Welcome to The Weekly Awkward! Every Monday, we’ll regale you with a tale of personal embarrassment to assure you that you’re not alone in your fabulous awkwardness. Solidarity, sister.
Have you ever had a panic attack so ridiculous that it haunts you? I have.
It was about six months ago. My boyfriend (a long-suffering Eastern European bloke named Adam) and I were playing a horror RPG together called Little Nightmares. (By ‘together’, I mean that he was playing it while I was supporting him from behind splayed fingers, because I literally cannot take the reins when it comes to playing anything creepy at all.)
Now usually, we don’t run into any problems with this setup. When my hands are in front of my face and not curled around a pair of controllers, it’s easier to remind myself that what’s on the TV is fake – so no matter how Lynchian the soundtrack or bizarre the characters, I *usually* escape psychological damage.
As the plot reached its crescendo, I noticed some… changes in my body.
My palms became sweaty (mom’s spaghetti), I couldn’t inhale properly and, above all, I was convinced that my heart was churning out a billion beats per minute. I tried to ignore it and think happy thoughts, but at this point my brain had jumped onto the panic bandwagon too, pitching helpful suggestions such as IS THIS DYING!? and OH MY GOD, YOU’RE DYING. So I couldn’t.
Eventually afraid that I might actually Be Dying, I decided to share.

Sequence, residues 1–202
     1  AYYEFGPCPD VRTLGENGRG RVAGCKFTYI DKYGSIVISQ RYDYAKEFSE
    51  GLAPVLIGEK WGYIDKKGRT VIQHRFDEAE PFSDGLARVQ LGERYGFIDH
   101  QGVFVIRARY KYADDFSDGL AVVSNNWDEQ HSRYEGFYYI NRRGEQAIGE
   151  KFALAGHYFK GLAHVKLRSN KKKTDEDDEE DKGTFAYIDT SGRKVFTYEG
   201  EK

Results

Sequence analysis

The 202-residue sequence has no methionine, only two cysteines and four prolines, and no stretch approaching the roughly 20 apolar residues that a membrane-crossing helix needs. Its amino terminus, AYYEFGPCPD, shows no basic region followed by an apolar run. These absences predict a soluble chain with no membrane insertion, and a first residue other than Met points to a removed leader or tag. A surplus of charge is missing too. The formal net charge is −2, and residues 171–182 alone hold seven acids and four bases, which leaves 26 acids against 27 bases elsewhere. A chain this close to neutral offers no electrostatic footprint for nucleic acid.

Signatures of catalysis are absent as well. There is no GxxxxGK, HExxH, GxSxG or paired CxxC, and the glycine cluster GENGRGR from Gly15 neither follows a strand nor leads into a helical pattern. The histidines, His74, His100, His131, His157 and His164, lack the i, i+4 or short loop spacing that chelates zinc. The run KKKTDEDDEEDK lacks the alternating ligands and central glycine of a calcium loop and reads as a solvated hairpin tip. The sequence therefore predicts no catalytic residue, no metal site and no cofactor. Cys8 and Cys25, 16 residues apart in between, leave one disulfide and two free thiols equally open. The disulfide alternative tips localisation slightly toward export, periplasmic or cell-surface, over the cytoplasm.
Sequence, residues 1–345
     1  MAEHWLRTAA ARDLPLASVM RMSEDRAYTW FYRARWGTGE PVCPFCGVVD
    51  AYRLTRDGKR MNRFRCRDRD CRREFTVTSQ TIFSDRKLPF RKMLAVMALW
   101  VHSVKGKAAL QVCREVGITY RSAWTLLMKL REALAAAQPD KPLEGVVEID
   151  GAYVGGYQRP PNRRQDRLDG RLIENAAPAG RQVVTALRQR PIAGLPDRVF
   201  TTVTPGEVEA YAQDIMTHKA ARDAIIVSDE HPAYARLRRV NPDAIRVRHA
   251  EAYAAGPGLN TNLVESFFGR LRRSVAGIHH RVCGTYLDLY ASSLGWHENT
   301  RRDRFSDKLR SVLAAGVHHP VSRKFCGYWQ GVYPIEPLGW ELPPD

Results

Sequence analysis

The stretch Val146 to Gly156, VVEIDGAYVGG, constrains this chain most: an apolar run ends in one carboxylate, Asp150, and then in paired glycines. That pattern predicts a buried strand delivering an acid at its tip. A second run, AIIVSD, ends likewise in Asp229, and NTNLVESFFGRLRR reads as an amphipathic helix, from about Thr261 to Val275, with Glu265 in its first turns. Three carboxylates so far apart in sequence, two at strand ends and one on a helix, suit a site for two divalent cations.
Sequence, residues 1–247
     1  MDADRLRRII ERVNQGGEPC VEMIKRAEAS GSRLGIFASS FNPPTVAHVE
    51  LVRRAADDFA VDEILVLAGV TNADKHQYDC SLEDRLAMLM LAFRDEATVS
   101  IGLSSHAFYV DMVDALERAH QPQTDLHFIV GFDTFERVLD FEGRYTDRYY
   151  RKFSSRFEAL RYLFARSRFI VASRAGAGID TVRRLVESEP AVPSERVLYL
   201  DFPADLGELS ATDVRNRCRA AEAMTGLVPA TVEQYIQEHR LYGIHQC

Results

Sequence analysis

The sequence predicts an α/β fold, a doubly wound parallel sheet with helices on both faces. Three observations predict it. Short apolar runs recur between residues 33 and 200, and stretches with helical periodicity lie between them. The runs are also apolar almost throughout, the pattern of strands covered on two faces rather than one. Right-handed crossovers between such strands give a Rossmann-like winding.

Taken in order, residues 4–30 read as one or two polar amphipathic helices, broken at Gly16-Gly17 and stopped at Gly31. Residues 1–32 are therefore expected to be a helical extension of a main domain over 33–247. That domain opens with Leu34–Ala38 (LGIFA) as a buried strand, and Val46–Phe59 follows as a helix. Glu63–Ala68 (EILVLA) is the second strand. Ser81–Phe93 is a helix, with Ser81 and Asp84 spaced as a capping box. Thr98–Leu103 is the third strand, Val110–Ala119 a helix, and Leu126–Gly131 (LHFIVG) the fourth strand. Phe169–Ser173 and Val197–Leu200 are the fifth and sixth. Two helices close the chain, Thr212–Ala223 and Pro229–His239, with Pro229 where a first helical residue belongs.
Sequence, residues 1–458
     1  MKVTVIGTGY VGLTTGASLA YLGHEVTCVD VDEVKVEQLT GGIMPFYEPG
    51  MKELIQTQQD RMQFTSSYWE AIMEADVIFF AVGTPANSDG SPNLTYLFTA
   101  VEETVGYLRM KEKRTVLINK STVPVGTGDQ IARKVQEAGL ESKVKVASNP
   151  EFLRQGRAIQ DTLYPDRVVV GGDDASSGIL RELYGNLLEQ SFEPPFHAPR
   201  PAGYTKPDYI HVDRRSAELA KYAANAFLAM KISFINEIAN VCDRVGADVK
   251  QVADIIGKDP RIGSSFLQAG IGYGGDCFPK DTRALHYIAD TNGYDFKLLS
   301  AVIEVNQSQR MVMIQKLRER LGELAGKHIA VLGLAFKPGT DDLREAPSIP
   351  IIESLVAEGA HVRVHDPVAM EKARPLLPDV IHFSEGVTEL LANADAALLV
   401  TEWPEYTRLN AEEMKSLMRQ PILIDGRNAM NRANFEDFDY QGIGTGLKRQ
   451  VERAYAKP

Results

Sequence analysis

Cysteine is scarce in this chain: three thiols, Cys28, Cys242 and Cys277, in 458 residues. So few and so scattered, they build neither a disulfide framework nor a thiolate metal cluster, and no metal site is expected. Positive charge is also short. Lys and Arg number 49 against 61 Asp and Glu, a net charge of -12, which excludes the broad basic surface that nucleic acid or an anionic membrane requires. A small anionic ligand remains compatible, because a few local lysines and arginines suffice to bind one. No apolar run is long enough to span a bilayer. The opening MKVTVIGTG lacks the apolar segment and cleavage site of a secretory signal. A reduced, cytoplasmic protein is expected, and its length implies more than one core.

“Adam. I feel weird.”
“I feel really weird. Like I’m having a heart attack, or something.”
“You’re not having a heart attack.”
“Are you sure?”
“Okay but… oh God. Oh God are you SURE? ARE YOU SURE ARE YOU SURE? ARE YOU SURE BECAUSE MY HEART IS BEATING REALLY FAST AND-”
He put his hand on my chest.
“Your heart rate is normal,” he said patiently. “Also, you don’t die of heart attacks from hearts beating too fast. Heart attacks are when your heart stops beating.”
“Just try and breathe normally.”
He smiled and faced the screen, believing the incident to be over (see: wishful thinking). For a while I did what he said, and focused on breathing to some success, before deciding it was time to have a bath and wash the incident off me (and maybe brush up on my biology). Leaving him on the couch questioning his life choices, I ran the tap, chucked a pink bath bomb under the faucet and sunk into the tub.
But my anxiety was not done – and relaxing? That was definitely not on the cards.
As steam rose off my skin from the piping hot water, my fictitiously fast-beating heart picked up pace again, reminding me that OH MY GOD I ACTUALLY WAS DYING, I WAS DEFINITELY DYING NOW, ADAM WAS WRONG AND HE WOULD BE TASKED WITH WRITING MY RIDICULOUS EULOGY. Naked and afraid*, I clambered out less than a minute after I’d climbed in, newly-disorientated from the heat of the tub.
Screeching like the fish man from The Shape Of Water – my skin the colour of plum tomatoes and covered only by a layer of glittering Lush bubbles – I stumbled back towards the lounge and collapsed onto the rug before my bemused beau, where I awaited my fate.
But Reader, I did not die. Duh.
No. I – an Adult Person – continued to wail and freak out until Adam had towelled me down, fetched me a glass of cold water and swaddled me in pyjamas and blankets like a wee babe. (Did I mention that he’s patient?)
Since then, we have not picked up Little Nightmares. And we don’t talk about the naked panic attack incident. As far as we’re aware, it never happened.
But the sweet, sweet memory? It’ll live inside my – regularly beating – heart forever.